When you want to add rustic charm to your landscape, reclaimed wood and timber is definitely the way to go, which is why railroad ties often are used to give a garden or yard a rugged character. Their versatility is another point in their favor because they can be used in a garden, on a slope or even in a front yard. Landscaping with railroad ties includes some health dangers, however. So consider their use and placement carefully before installing them in your yard.
Make a Border
Railroad ties can be effective edging or borders for various landscaping projects. Their flat surfaces make them simple to place flush with the surfaces they edge, which means you can mow around them more easily than may be possible with other types of edging. Because of their rustic appearance, railroad ties are used to edge many loose-gravel paths, patios and driveways. They also work as borders around trees and flowerbeds, highlighting them in the landscape. You don’t have to use the ties whole; cut them to make smaller pieces for use as borders around plantings.
Finish a Walkway
Instead of stepping stones, railroad ties can be used in a walkway. Pair the ties with a simple soil path, or add them to a gravel walkway to make it more comfortable to walk. Cut the ties into about 2-foot-long pieces, and sink them into the ground so they are flush with the rest of the path. If part of your landscape features a shallow slope, then railroad ties can serve as steps on the incline. Choose solid railroad ties with little or no damage to ensure they are sturdy, and cut them into about 4-foot-long pieces. Set them in the slope on a sand base that is roughly 1 to 2 inches thick, and aim for 6 inches of height between the railroad tie steps. Stacking two ties or using bricks laid lengthwise beneath the ties will help you make the steps a particular height.
Railroad ties can be used to create unexpected accessories for your landscape. Stake several ties into the ground to create a rugged garden fence that separates flowerbeds, or place two ties upright in the ground to serve as a mailbox holder. An option is to add stenciled or metal numbers to the ties and use them as a house number sign. If you want to illuminate a walkway for after dark, place the ties upright along a garden path, and add lighting fixtures to their tops.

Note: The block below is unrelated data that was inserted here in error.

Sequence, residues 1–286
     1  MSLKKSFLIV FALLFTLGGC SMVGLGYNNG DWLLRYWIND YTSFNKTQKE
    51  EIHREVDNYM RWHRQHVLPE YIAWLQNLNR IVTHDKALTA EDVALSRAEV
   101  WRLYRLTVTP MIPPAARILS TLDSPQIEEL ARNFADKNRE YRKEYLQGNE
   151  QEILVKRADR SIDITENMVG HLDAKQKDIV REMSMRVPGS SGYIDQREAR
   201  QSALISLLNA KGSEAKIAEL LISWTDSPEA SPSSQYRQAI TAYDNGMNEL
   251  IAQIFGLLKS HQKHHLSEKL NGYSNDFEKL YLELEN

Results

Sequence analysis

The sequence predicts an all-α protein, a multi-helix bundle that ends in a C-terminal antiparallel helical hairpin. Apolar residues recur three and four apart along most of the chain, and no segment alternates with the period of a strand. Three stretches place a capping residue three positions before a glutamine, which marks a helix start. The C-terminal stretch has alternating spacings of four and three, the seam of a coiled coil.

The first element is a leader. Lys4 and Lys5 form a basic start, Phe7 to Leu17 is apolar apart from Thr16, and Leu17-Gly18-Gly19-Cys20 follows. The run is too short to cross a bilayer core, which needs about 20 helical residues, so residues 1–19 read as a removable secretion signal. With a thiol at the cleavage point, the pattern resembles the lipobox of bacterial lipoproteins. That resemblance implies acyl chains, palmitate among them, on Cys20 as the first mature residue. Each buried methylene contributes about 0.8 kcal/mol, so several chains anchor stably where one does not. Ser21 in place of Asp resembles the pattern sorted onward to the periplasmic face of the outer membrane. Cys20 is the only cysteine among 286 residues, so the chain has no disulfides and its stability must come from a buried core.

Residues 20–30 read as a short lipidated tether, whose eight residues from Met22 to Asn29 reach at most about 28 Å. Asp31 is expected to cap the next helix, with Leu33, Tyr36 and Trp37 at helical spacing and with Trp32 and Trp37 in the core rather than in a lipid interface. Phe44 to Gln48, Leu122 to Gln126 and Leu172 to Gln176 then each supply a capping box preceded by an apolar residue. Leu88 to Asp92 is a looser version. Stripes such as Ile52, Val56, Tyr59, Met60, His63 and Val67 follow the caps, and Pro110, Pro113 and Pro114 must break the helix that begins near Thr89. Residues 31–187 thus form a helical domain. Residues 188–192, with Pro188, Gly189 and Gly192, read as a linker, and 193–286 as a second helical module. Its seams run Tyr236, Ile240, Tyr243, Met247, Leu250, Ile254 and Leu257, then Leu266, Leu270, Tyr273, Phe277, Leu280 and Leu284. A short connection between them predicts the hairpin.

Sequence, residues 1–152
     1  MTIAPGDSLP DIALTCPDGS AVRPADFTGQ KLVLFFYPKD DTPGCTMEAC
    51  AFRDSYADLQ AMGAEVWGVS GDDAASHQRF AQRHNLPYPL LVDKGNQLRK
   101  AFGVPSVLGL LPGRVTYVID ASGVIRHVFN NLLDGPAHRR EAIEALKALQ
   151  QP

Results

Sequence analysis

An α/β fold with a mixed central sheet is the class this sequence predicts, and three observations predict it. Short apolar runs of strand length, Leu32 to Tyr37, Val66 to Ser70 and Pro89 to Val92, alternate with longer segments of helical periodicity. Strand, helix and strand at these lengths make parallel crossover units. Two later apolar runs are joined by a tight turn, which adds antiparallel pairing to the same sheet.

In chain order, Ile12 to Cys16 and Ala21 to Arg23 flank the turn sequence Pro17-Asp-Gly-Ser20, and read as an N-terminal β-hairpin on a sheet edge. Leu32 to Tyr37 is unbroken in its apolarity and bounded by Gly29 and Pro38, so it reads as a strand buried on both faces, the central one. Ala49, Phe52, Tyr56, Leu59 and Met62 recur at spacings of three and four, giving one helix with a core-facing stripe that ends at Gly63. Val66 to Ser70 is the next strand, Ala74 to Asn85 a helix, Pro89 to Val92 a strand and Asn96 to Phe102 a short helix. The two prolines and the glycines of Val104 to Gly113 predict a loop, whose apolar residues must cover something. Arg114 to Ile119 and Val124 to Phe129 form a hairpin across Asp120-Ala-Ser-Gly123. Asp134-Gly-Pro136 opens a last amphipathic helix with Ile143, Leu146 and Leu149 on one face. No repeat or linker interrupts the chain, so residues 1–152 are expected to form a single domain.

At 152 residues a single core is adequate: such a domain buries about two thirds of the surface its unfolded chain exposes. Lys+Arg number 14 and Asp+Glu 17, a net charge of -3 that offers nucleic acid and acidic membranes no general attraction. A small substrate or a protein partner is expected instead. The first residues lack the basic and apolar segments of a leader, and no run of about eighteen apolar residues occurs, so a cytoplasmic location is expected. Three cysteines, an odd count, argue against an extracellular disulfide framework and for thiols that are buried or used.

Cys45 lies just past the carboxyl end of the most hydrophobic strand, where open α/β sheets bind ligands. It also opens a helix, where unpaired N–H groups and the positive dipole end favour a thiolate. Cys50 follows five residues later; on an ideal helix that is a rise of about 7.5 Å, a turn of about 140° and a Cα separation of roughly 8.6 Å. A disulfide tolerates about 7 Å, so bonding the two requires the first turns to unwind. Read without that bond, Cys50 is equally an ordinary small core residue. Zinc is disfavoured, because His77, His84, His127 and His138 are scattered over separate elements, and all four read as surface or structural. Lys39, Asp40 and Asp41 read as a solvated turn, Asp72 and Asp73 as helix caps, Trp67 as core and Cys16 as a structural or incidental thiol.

Although railroad ties have many landscaping uses, their wood usually has been treated with creosote, a preservative used to make them moisture- and insect-resistant, and creosote is toxic to people and animals. By placing the ties in or on soil, you run the risk of contaminating your landscape, posing a threat to children and animals that play near the ties. If you choose to use railroad ties in your yard, never place them around a vegetable garden or other edible plants, where the creosote may attach to plant roots. The creosote from railroad ties also can affect ground water, including well water. So don’t landscape with them if you live in an extremely wet area, a location with shallow ground water or a site with well water.
- North Dakota State University Cooperative Extension Service: Landscape Impacts with Railroad Ties
- Landscape Construction; David Sauter
- Energy-Wise Landscape Design: A New Approach for Your Home and Garden; Sue Reed
- Bailey Construction and Landscape Group Inc.: Landscaping 101 -- Why We Don't Use Railroad Ties in Our Landscaping
- Photo Credit Oleg Saenko/Hemera/Getty Images
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